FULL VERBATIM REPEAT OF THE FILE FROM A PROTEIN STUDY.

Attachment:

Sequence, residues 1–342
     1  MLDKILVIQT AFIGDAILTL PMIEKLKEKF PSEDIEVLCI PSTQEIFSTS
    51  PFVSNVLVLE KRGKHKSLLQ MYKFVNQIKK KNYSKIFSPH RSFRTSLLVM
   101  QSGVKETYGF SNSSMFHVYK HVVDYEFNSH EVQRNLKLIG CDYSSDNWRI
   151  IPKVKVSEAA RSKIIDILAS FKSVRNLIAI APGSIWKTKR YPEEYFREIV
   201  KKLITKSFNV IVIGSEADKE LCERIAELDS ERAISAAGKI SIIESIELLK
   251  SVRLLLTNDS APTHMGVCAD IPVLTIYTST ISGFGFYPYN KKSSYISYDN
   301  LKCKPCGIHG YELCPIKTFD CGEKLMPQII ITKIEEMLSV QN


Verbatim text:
Sequence, residues 1–342
     1  MLDKILVIQT AFIGDAILTL PMIEKLKEKF PSEDIEVLCI PSTQEIFSTS
    51  PFVSNVLVLE KRGKHKSLLQ MYKFVNQIKK KNYSKIFSPH RSFRTSLLVM
   101  QSGVKETYGF SNSSMFHVYK HVVDYEFNSH EVQRNLKLIG CDYSSDNWRI
   151  IPKVKVSEAA RSKIIDILAS FKSVRNLIAI APGSIWKTKR YPEEYFREIV
   201  KKLITKSFNV IVIGSEADKE LCERIAELDS ERAISAAGKI SIIESIELLK
   251  SVRLLLTNDS APTHMGVCAD IPVLTIYTST ISGFGFYPYN KKSSYISYDN
   301  LKCKPCGIHG YELCPIKTFD CGEKLMPQII ITKIEEMLSV QN